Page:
My Yale saga started in the morning of Thursday, September 26, when the newspaper I work for (O Estado de S.Paulo) decided that I had to try to interview the president of Brazil’s Supreme Court, minister Joaquim Barbosa. He would be at Yale Law School taking part in a seminar called “Global Constitutionalism”. It was clear they did not want to reveal his presence there: his name did note appear in the program. I called the Communications Director of YLS, Janet Conroy, and asked if I could attend the seminar. She said no. She also said it would happen in a private building. I told I had to go anyway and would wait for him on the sidewalk.
I arrived in New Haven around 3:30pm and went to Yale Law School. When I entered the building, I asked to the security lady if she knew where the seminar was being held. She said there was no information about it on the system and told me I could look on the rooms to see if I could find it. She did not ask for an identification. I walked through the Law School corridors, went to the cafeteria, sat at the courtyard and realized the seminar was not in that building.
I got out and went to the Wooley Hall, the concert hall of Yale Law School, about two blocks away. Its doors were wide open and a lot of people crossed the hall to go from a square to the street at the other side. There were tourists, people chating, a musical group rehearsing. Nobody to ask for information. No security. I went the upper floor and saw a policeman. I went straight to him and asked if the seminar was being help there. My intention was to make sure and wait to the minister outside. I did not attempt to enter the room where the event was happening. The policeman did not answer my question and asked me to follow him, which I did.
Back to the ground floor he began to interrogate me. What is your address, phone number, date of birth. I gave him my passport. I did not identify myself as a journalist, but said I was looking for minister Barbosa and had the intention to wait for him outside the building. We walked to one of the doors and when we were out and asked for my passport back. He refused to give it to me. That was the only moment in which I lost my temper. “You cannot to that”, I said. And he replied: “Yes, I can. We know who you are, you are a reporter (what a crime!!!), we have your picture and you were told several times that you could not be here”. Yes, I am a reporter, but this is not a crime. And I said that I had only talked once with somebody from Yale, at that morning. In reply, he informed me I was going to be arrested under the accusation of criminal trespassing.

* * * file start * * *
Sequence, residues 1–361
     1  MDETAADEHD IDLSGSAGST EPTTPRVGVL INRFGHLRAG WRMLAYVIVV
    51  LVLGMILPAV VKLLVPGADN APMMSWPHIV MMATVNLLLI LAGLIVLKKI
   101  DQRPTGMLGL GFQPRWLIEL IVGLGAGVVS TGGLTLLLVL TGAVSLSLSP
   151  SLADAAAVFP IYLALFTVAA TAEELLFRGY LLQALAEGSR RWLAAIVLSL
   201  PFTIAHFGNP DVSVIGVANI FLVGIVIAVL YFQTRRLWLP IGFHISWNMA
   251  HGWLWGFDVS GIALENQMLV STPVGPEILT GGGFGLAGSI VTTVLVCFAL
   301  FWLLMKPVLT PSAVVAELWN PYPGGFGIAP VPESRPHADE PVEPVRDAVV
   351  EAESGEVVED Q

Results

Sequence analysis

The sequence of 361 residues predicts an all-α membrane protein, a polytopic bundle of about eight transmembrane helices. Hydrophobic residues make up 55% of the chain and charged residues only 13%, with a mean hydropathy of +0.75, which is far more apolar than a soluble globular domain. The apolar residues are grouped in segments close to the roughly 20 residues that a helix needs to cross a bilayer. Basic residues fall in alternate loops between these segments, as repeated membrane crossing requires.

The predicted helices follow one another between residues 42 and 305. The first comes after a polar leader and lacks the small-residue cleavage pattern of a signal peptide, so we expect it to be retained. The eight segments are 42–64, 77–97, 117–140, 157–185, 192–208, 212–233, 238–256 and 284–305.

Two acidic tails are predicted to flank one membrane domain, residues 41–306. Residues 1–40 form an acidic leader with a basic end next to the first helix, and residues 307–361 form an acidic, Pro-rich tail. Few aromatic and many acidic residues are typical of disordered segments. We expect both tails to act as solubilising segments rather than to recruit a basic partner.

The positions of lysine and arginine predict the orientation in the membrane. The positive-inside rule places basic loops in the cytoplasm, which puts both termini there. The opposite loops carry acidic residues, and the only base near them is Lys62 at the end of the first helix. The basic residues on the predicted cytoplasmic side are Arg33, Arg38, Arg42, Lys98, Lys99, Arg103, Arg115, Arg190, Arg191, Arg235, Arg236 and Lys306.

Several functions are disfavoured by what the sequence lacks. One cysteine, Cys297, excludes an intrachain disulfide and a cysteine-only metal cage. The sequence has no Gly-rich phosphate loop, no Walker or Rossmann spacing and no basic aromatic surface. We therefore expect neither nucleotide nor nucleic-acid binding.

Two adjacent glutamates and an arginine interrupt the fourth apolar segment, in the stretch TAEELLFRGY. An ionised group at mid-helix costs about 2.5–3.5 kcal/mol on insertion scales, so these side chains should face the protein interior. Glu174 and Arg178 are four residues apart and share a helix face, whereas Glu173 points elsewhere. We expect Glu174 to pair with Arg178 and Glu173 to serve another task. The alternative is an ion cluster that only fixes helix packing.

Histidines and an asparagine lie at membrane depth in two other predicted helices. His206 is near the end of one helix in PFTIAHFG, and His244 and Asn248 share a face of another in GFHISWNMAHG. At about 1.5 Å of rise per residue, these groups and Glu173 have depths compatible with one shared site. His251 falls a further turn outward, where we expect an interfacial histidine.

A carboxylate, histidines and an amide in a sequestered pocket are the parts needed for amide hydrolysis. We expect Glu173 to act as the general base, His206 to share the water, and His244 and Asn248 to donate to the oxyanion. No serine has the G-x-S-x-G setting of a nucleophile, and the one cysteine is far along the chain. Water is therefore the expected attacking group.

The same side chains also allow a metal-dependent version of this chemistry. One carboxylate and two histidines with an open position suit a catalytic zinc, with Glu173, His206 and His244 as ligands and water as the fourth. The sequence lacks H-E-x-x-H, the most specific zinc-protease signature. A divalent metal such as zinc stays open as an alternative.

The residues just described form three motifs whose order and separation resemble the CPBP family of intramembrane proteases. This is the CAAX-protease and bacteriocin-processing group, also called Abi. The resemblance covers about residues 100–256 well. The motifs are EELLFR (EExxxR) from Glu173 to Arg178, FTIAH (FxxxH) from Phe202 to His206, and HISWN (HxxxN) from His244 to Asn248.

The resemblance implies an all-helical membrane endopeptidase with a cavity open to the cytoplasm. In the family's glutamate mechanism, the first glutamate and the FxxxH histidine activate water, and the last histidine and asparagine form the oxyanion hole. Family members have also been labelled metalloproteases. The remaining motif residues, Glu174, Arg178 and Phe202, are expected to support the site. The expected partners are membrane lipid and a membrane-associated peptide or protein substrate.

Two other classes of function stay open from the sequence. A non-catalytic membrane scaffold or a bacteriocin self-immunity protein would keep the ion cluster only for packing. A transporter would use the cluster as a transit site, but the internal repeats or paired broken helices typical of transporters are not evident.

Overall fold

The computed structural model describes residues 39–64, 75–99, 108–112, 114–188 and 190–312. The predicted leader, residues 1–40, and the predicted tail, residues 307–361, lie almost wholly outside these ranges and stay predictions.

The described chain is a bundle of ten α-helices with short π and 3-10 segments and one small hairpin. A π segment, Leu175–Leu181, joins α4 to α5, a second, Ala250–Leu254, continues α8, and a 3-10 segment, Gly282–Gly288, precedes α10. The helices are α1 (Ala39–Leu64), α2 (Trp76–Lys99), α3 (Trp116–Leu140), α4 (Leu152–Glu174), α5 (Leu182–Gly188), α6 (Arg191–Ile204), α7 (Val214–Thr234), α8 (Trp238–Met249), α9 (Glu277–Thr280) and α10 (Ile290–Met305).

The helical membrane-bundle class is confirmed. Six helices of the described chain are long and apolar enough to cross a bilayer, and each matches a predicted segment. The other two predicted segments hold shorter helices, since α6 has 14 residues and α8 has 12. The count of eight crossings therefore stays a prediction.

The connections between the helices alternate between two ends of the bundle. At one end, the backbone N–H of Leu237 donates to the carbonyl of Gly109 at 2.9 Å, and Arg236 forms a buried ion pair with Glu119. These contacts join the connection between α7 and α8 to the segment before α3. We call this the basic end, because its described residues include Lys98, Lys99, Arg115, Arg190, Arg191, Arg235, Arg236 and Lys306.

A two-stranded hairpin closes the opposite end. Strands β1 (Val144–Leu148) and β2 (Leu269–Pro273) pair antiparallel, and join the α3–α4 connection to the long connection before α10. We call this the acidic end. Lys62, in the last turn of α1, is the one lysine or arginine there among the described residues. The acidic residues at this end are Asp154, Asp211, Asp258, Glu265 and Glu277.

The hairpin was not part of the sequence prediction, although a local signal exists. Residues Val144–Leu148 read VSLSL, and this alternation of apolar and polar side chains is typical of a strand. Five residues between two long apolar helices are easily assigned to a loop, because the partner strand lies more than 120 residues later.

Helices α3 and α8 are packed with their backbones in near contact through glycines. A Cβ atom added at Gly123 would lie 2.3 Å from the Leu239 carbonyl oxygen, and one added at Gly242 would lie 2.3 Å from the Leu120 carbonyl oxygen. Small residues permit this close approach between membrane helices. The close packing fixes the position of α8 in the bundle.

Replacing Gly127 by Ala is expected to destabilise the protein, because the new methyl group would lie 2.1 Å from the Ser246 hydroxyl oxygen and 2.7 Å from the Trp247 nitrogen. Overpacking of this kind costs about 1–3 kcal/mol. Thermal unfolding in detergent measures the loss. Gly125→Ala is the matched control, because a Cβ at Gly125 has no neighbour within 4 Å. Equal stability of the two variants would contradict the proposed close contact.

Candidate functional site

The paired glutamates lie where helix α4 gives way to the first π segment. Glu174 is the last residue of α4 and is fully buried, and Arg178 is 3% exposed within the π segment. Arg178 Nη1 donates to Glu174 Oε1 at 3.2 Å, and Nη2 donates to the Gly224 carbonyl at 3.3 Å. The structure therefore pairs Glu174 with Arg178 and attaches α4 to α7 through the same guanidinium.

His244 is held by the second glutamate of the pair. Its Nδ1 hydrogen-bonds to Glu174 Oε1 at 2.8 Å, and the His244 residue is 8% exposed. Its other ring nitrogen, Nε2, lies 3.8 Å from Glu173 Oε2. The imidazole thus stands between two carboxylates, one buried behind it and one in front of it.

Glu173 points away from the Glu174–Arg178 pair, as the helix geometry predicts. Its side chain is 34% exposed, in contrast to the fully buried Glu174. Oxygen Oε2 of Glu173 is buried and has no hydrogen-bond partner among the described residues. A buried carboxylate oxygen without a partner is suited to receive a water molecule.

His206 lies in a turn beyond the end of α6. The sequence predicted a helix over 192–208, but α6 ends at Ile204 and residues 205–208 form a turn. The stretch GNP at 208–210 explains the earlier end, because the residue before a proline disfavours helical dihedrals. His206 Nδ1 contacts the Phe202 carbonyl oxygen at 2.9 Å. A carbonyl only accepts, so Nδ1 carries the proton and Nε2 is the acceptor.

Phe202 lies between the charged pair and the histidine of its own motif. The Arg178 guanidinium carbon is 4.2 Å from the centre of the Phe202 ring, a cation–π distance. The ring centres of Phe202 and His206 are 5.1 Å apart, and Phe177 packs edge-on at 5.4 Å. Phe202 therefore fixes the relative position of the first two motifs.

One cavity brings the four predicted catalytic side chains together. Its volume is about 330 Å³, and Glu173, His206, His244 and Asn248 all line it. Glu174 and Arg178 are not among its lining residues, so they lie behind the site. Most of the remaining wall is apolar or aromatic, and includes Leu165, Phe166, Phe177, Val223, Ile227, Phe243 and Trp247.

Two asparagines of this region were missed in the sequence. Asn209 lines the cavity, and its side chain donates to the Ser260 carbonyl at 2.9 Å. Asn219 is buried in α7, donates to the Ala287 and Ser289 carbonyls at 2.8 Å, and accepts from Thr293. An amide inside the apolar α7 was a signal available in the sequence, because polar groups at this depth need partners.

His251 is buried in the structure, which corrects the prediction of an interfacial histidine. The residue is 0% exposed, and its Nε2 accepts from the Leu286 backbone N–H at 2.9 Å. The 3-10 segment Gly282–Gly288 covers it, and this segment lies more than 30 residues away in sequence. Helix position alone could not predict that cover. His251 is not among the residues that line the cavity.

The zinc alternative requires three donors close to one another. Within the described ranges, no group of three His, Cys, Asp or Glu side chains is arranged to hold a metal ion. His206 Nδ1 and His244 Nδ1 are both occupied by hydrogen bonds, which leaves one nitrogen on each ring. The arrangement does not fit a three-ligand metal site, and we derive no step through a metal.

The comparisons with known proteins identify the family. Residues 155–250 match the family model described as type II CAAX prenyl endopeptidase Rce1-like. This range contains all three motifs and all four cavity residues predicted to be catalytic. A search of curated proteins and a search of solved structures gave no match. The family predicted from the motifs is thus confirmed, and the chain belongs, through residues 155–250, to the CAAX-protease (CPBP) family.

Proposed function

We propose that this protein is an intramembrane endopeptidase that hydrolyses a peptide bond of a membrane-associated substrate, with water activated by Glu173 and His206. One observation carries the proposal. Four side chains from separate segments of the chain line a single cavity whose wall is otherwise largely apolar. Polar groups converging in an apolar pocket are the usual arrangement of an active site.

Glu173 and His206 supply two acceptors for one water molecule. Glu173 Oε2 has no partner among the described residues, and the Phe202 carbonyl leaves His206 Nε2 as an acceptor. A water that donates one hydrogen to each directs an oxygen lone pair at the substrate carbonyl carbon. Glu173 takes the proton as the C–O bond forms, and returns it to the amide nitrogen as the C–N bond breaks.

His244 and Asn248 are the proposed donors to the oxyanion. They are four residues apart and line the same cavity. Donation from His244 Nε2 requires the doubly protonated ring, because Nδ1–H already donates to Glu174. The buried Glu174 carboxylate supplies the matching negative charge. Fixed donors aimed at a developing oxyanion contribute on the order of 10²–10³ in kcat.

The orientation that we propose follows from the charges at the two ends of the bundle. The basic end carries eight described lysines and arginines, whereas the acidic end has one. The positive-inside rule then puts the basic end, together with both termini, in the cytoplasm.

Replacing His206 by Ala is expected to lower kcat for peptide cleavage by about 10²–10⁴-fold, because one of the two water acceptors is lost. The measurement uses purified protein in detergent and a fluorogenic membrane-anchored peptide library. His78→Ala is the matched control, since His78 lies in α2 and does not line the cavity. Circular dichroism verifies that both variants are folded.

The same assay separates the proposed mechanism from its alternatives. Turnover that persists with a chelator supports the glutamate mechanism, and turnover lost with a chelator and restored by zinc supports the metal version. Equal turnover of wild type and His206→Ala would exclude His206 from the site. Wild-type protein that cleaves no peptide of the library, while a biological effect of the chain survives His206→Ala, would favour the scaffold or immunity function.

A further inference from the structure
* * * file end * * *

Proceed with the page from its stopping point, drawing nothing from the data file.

Two policewoman arrived and stayed by my side, while the guy, called DeJesus, disappeared for a while. He came back about 20 minutes later, told me to stand with my back to him and put my hands back. I was handcuffed while he screamed: “You know why you are being arrested, no?”, and I replied: “No, I don’t know”. He: “You were told several times not to be here”. Me: “No, I was not”. He: “That is what happens when there is high profile people involved”.
Handcuffed, I was put inside a police car and waited for about one hour. They told me I could not make nor receive phone calls. In this whole process, no civil person from Yale Law School talked with me. The only one that showed up was apparently from the Dean’s Office. He looked at me handcuffed inside the police car and said something to DeJesus. Minutes later, a police wagon car (those used to transport criminals) arrived. A new policeman showed up and put on my wrist another handcuff, so the previous on, form Yale, could be removed. Handcuffed, I was put on the wagon and had a hard time preventing from falling while the car was in movement. I had to grab some handlers on the back of the seat, but it was not easy.
At the Police District I was searched and put on a cell, with a metal bed and a toilet, visible from the outside. At the other cells, women screamed and banged the walls. When I had to pee, I had to do so with male guards walking on
the corridor. Although it was a female section, the security is made by men.
I was kept in the cell for about 3h30. I was only able to make a phone call at 9h20pm, almost five hours after I was handcuffed. Before that, they took my digital prints and my picture. Now I am being prosecuted under the accusation of “criminal trespassing”. My first hearing in court will be next Friday, October 4.
My main doubt is why I was arrested, if I followed the policeman, did not offer any resistence and was willing to leave the building. As far as I know, being a journalist is not a crime under America law.